Fish farmers from Nyanza and Eastern regions of Kenya are set to benefit from a Sh100 million pilot program aimed at boosting yields and profits.
The program rolled out by Lattice Aquaculture with funding from Sustainable Trade Initiative (IDH) aims at increasing profitability through a data-driven integrated ecosystem approach.
The approach which is the first of its kind in the country brings together all the stakeholders involved in fish farming.
Lattice Aquaculture East Africa Regional Head Julie Muyela said the initiative brings together farmers, feed manufacturers, fingerlings producers, suppliers, aquaculture institutions, buyers and Micro-finance institutions.
Fifty smallholder farmers from the two regions, she said, have been identified and will be trained on best aquaculture practices to enable them appreciate both the technical and business angles of fish farming.
They will then be linked to input suppliers who will deliver high quality feeds and fingerlings in addition to doing farm follow ups to ensure their farms are efficient.
“We realized that fish farmers in Kenya struggle to make their businesses profitable. This is due to lack of access to finance and markets, poor inputs and insufficient technical skills. This program tackles all these challenges,” she said.
In an interview with KNA, Muyela said the program has brought on board financial institutions and an off taker to guarantee farmers access to credit and ready market.
Two financial institutions, she disclosed have been included in the ecosystem to cater to the farmers’ aquaculture financial needs.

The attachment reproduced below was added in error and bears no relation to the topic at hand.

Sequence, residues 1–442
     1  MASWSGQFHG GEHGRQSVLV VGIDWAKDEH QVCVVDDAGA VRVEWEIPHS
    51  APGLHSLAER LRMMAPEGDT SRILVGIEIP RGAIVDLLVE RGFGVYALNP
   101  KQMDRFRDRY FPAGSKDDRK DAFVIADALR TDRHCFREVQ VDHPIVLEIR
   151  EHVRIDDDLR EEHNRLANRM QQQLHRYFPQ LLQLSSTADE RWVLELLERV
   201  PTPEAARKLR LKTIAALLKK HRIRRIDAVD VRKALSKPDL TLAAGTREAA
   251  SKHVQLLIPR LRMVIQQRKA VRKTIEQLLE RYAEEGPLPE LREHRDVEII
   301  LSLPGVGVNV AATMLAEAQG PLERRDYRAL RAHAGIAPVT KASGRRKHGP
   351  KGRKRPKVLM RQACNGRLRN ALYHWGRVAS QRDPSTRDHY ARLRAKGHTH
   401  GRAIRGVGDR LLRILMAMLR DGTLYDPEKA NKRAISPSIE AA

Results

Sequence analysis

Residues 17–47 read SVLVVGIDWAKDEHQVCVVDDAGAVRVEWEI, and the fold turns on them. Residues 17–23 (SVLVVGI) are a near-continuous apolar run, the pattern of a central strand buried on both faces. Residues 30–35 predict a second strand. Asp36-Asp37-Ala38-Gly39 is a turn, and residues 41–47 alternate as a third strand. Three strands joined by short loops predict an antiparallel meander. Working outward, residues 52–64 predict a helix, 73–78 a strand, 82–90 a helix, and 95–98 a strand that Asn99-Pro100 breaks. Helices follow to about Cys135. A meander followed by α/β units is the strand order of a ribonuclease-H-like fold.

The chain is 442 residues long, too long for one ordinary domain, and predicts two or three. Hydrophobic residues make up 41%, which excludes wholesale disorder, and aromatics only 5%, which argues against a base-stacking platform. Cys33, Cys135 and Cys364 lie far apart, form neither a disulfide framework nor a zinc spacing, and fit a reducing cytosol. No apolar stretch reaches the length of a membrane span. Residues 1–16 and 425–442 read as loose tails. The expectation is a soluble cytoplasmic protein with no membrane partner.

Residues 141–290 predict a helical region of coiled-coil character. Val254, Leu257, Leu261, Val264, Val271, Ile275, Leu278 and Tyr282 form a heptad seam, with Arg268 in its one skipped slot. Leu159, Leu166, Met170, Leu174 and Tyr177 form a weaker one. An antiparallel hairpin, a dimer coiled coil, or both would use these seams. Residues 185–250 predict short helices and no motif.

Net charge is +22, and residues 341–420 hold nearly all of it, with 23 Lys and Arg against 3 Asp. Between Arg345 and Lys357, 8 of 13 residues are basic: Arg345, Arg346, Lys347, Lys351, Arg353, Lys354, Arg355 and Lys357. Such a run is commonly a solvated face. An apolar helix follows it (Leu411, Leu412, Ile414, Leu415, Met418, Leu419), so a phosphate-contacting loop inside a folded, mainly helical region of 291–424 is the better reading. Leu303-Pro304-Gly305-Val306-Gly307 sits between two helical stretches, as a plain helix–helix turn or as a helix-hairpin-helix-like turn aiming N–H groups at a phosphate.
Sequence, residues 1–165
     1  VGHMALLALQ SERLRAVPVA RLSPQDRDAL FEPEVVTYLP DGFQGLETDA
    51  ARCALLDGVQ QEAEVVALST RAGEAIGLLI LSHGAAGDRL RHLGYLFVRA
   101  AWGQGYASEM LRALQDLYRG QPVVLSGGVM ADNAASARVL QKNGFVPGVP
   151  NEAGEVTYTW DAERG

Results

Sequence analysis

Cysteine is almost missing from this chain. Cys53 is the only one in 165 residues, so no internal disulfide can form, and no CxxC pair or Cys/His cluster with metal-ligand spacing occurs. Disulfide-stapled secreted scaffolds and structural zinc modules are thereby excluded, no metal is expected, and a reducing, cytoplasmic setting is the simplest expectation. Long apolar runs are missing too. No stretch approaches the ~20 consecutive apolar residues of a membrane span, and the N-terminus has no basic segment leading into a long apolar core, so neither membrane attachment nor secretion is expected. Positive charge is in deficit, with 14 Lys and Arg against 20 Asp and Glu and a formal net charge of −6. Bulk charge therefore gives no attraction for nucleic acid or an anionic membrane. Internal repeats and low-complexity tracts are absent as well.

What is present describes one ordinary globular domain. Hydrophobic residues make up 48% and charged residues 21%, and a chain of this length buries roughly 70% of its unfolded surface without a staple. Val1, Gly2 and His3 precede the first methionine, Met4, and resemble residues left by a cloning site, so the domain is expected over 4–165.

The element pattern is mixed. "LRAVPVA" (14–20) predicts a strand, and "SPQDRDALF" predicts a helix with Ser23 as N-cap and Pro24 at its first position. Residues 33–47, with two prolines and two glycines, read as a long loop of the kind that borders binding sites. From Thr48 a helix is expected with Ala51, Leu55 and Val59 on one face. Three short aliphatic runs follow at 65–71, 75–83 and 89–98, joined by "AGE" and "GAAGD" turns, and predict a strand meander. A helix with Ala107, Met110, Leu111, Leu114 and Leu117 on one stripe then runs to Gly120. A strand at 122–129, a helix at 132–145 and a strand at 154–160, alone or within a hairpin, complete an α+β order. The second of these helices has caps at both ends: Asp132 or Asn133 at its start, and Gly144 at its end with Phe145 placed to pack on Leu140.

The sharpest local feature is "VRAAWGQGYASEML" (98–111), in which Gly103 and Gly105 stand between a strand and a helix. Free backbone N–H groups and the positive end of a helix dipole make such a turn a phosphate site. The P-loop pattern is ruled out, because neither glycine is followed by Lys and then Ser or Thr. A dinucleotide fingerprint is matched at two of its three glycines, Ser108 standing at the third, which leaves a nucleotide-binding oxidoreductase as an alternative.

The institutions, she added, have been trained on aquaculture business scenarios to enable them develop tailor made products for fish farmers.
“This project adopts the take aquaculture to the banks strategy. We are also going to train the farmers on requirements of the financial institutions to make them credit-ready,” she said.
On markets, the off taker, she disclosed, will buy at least 80% of the fish produced by each farmer at a competitive price.
Muyela added that the off taker has developed a mobile phone application to keep track of farmer locations, production, sales and prices in the targeted regions.
Lattice Aquaculture Technical Project Manager John Erick said the initiative will rely heavily on data from all the stakeholders involved to ensure successful commercialization of the fish farms.
“Data will provide farmers with insights into efficiency and profitability, such as feed costs throughout the cycle, feed usage, feed conversion ratios, cost price, revenue, good business practices among other things,” he said.
The financial institutions in the program, he added, will also use the data to build a business case for aquaculture financing in Kenya.
According to the Food and Agriculture Organization (FAO), Kenya has a huge aquaculture potential.
The country has over 1.14-million-hectare potential area suitable for fish farming with capacity to produce over 11 million metric tonnes of fish worth Sh750 billion.
However annual fish production in the country stands at 150, 000 metric tonnes against a demand of 900, 000 metric tonnes.
IDH Aquaculture Program Manager Beth Wagude said the pilot project targets to increase production by 15, 000 metric tonnes.
The findings of the pilot, she added, would inform policy to pave the way for a national rollout of the program to help bridge the huge gap in production.
By Chris Mahandara